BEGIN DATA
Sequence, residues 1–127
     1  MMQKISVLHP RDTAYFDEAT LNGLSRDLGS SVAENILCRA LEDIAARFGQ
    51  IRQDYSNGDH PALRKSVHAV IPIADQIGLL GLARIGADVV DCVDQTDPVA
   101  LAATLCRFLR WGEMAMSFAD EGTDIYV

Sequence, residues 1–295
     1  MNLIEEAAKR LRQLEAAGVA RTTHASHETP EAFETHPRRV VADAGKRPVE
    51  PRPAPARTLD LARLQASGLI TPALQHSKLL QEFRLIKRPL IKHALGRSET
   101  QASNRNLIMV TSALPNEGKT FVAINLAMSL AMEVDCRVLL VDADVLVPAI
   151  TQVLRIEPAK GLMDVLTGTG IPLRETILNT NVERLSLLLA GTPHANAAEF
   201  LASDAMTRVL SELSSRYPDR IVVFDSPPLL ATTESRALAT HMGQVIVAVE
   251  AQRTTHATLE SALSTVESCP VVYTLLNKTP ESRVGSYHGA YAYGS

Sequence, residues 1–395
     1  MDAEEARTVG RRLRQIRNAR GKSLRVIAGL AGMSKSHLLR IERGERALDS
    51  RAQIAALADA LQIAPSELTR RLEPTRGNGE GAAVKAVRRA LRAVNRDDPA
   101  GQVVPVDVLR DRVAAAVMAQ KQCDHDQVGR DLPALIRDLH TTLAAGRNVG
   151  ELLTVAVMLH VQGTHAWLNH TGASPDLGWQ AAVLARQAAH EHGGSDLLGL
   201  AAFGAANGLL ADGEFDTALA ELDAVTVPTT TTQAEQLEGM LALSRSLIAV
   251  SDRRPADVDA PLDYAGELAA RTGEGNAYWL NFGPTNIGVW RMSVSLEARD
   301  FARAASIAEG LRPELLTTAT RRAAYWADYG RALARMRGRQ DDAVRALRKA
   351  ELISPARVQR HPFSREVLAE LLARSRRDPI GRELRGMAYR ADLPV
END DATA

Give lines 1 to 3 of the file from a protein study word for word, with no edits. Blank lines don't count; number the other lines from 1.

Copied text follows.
Sequence, residues 1–127
     1  MMQKISVLHP RDTAYFDEAT LNGLSRDLGS SVAENILCRA LEDIAARFGQ
    51  IRQDYSNGDH PALRKSVHAV IPIADQIGLL GLARIGADVV DCVDQTDPVA